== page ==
Portland State University. Department of History
Term of Graduation
Date of Publication
Master of Arts (M.A.) in History
Blacks -- Tobago -- Religion, Tobago -- Religious life and customs, Slavery -- Tobago
1 online resource (iii, 190 pages)
This thesis examines African religion as a form of cultural resistance to slavery in pre-emancipation Tobago. African religion was a tool of resistance to enslavement and oppression in pre-emancipation colonial Tobago. African religion acted as a source of empowerment, cohesion, and identity at a time when the colonial authorities in Tobago were attempting to strip the African of his/her Culture. This research examines the social dimensions of this struggle for religious/cultural supremacy between master and the enslaved African.
The purpose of this study is to show that the colonial authorities in Tobago, in order to sustain their basic economy had to "break" the Africans in order to make them obedient slaves who would ensure orderly production. Through indoctrination and physical bondage the "instruction of containment" was created by the colonial authorities. It was through that acculturation process that the master would bring about the total acceptance of the slave status by the enslaved African in Tobago. This process never fully occurred because the African resisted the process of acculturation through the dynamic process of religious adaptation syncretism and survival. The preservation of African religion was essential to the physical and psychological resistance to slavery. Most historians have considered Tobago's military and/or economic experience as central to understanding the past. The author advances the position that the social dimensions of African religion in Tobago served as a form of cultural resistance to slavery.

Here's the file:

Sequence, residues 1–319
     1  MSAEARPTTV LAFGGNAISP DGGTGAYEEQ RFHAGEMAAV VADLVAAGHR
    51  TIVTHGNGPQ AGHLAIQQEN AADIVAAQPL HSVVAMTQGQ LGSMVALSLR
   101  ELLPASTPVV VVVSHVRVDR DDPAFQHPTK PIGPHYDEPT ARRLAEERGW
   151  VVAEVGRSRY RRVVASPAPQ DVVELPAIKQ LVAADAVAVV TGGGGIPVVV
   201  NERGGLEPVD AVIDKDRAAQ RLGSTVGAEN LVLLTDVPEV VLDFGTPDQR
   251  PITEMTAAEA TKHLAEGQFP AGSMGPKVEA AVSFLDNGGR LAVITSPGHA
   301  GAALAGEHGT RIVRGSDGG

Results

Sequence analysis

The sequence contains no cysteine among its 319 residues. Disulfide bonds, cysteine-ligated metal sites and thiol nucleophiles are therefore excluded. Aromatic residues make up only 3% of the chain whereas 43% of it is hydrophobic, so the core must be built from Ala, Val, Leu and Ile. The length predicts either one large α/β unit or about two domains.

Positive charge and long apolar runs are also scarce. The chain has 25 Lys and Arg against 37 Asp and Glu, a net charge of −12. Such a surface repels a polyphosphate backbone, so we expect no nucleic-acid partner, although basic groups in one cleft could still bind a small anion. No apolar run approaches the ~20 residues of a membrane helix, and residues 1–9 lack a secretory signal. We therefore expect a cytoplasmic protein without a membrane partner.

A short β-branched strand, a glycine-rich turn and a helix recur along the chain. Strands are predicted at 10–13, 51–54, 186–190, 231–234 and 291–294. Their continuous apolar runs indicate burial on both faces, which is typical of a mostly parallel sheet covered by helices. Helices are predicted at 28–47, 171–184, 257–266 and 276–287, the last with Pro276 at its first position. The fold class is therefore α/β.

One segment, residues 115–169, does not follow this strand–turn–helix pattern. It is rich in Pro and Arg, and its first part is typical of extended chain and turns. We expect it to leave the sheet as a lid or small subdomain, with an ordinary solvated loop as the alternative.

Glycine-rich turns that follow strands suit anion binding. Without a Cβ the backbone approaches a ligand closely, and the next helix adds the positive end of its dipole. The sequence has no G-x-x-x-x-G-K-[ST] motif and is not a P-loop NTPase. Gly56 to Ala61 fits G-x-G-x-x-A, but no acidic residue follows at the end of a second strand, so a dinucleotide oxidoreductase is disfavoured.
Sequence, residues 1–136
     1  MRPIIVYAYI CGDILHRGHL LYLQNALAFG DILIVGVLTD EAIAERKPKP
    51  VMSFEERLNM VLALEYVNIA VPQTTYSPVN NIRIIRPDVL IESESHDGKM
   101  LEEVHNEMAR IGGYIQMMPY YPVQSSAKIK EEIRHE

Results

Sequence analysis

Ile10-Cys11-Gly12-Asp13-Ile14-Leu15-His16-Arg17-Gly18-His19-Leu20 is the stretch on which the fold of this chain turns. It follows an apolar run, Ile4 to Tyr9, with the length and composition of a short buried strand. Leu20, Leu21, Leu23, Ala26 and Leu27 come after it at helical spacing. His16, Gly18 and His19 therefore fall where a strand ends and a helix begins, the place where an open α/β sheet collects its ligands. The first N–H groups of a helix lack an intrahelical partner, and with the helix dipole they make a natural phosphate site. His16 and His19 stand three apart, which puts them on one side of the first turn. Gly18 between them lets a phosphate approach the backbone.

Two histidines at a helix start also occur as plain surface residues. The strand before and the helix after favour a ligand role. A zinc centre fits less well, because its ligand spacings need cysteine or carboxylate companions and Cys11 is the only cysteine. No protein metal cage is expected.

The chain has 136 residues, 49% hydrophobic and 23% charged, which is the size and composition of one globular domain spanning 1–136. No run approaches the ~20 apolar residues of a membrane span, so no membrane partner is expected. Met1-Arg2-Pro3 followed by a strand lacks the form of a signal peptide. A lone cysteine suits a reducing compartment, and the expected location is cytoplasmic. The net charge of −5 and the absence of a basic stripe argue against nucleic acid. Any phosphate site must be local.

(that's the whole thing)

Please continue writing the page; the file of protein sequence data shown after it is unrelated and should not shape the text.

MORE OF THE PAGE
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Essiet, Okokon Okon, "The Persistence of African Religious Beliefs and Practices as Cultural Resistance to Slavery in Pre-emancipation Colonial Tobago" (1998). Dissertations and Theses. Paper 6288.